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PLoS One. 2013 Dec 26;8(12):e83596. doi: 10.1371/journal.pone.0083596. eCollection 2013.

mRNA transfection of mouse and human neural stem cell cultures.

Author information

1
Centre for Ophthalmology and Visual Science, The University of Western Australia, Crawley, Western Australia, Australia ; Ocular Tissue Engineering Laboratory, Lions Eye Institute, Nedlands, Western Australia, Australia.
2
Control of Pluripotency Laboratory, Molecular Genetics Research Group, Department of Physiological Sciences I, University of Barcelona, Barcelona, Spain.
3
Control of Pluripotency Laboratory, Molecular Genetics Research Group, Department of Physiological Sciences I, University of Barcelona, Barcelona, Spain ; University of Sydney Medical School, Faculty of Medicine, Westmead Childrens Hospital, Division of Pediatrics and Child Health, Sydney, Australia.
4
Centre for Ophthalmology and Visual Science, The University of Western Australia, Crawley, Western Australia, Australia ; Ocular Tissue Engineering Laboratory, Lions Eye Institute, Nedlands, Western Australia, Australia ; Ophthalmology Department, Royal Perth Hospital, Wellington Street, Perth, Western Australia, Australia.

Abstract

The use of synthetic mRNA as an alternative gene delivery vector to traditional DNA-based constructs provides an effective method for inducing transient gene expression in cell cultures without genetic modification. Delivery of mRNA has been proposed as a safer alternative to viral vectors in the induction of pluripotent cells for regenerative therapies. Although mRNA transfection of fibroblasts, dendritic and embryonic stem cells has been described, mRNA delivery to neurosphere cultures has not been previously reported. Here we sought to establish an efficient method for delivering mRNA to primary neurosphere cultures. Neurospheres derived from the subventricular zone of adult mice or from human embryonic stem cells were transfected with EGFP mRNA by lipofection and electroporation. Transfection efficiency and expression levels were monitored by flow cytometry. Cell survival following transfection was examined using live cell counting and the MTT assay. Both lipofection and electroporation provided high efficiency transfection of neurospheres. In comparison with lipofection, electroporation resulted in increased transfection efficiencies, but lower expression per cell and shorter durations of expression. Additional rounds of lipofection renewed EGFP expression in neurospheres, suggesting this method may be suitable for reprogramming applications. In summary, we have developed a protocol for achieving high efficiency transfection rates in mouse and human neurosphere cell culture that can be applied for future studies of gene function studies in neural stem cells, such as defining efficient differentiation protocols for glial and neuronal linages.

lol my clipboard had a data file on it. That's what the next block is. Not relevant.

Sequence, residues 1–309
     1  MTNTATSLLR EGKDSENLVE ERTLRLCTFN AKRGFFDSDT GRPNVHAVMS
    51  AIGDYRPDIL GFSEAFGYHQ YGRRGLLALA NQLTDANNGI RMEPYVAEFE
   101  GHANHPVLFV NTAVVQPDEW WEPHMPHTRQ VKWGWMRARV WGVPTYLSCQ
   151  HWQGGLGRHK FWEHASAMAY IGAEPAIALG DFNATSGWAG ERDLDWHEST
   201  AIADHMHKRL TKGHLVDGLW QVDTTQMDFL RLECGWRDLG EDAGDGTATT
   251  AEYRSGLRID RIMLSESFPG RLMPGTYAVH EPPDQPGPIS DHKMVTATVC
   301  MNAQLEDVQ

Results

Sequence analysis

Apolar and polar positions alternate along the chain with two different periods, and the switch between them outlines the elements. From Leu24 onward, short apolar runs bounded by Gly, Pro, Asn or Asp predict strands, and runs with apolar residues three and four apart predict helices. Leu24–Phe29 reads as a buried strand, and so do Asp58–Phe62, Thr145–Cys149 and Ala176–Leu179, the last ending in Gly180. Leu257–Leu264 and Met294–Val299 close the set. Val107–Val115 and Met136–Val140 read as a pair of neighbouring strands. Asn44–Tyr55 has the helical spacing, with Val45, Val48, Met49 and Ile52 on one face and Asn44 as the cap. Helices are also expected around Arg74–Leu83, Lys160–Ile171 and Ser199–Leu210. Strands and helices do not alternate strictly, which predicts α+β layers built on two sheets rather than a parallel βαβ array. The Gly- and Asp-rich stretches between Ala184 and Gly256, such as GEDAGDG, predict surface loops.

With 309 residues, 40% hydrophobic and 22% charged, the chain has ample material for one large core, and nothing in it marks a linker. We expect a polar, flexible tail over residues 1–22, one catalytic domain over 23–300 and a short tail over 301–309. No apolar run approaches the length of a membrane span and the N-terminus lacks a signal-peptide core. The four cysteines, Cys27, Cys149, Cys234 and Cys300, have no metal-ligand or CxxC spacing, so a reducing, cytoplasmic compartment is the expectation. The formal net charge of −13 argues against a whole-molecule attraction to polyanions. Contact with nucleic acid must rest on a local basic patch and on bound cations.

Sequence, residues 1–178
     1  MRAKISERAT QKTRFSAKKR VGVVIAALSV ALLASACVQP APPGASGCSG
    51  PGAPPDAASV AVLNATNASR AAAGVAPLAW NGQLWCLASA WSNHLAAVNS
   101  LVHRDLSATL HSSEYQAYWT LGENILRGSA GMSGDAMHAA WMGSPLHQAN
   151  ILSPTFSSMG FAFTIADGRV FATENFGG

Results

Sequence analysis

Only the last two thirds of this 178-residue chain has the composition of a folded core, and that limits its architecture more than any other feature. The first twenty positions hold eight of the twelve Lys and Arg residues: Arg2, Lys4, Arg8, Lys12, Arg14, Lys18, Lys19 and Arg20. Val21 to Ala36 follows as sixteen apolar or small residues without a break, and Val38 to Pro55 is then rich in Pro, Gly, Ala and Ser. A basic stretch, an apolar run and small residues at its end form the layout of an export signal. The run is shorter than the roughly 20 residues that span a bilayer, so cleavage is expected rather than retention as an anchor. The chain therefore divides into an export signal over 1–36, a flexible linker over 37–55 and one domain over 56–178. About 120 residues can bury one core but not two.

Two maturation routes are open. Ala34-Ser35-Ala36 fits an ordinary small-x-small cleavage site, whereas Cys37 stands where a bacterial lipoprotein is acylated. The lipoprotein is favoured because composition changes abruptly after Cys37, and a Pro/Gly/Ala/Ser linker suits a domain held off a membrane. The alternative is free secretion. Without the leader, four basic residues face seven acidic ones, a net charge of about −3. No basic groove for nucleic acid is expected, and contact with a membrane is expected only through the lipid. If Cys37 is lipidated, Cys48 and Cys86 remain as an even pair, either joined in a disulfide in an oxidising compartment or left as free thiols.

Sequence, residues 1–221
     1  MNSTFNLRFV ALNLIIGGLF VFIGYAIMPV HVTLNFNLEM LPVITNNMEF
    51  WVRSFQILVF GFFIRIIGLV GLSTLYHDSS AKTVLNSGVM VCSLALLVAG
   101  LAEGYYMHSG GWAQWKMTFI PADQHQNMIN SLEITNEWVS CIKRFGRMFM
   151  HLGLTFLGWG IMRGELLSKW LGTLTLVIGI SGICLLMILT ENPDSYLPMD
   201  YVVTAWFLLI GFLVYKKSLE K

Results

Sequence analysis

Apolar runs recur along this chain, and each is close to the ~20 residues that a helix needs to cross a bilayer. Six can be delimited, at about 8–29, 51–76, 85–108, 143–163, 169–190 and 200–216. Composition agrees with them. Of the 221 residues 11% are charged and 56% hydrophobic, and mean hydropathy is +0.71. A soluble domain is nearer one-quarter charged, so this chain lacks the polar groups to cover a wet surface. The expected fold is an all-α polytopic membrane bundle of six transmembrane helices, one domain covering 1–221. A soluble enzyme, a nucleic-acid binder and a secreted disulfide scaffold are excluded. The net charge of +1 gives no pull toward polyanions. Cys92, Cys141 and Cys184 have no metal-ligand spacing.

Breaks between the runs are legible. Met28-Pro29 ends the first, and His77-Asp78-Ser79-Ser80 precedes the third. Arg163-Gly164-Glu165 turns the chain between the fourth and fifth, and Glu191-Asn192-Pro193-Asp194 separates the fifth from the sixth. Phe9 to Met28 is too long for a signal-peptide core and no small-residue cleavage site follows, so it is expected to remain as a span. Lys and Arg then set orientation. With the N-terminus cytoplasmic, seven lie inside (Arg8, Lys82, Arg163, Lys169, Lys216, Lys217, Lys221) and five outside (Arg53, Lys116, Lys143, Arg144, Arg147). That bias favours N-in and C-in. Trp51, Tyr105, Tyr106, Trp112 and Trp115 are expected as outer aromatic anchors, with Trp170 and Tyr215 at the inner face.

PMID:
24386231
PMCID:
PMC3873397
DOI:
10.1371/journal.pone.0083596
[Indexed for MEDLINE]
Free PMC Article

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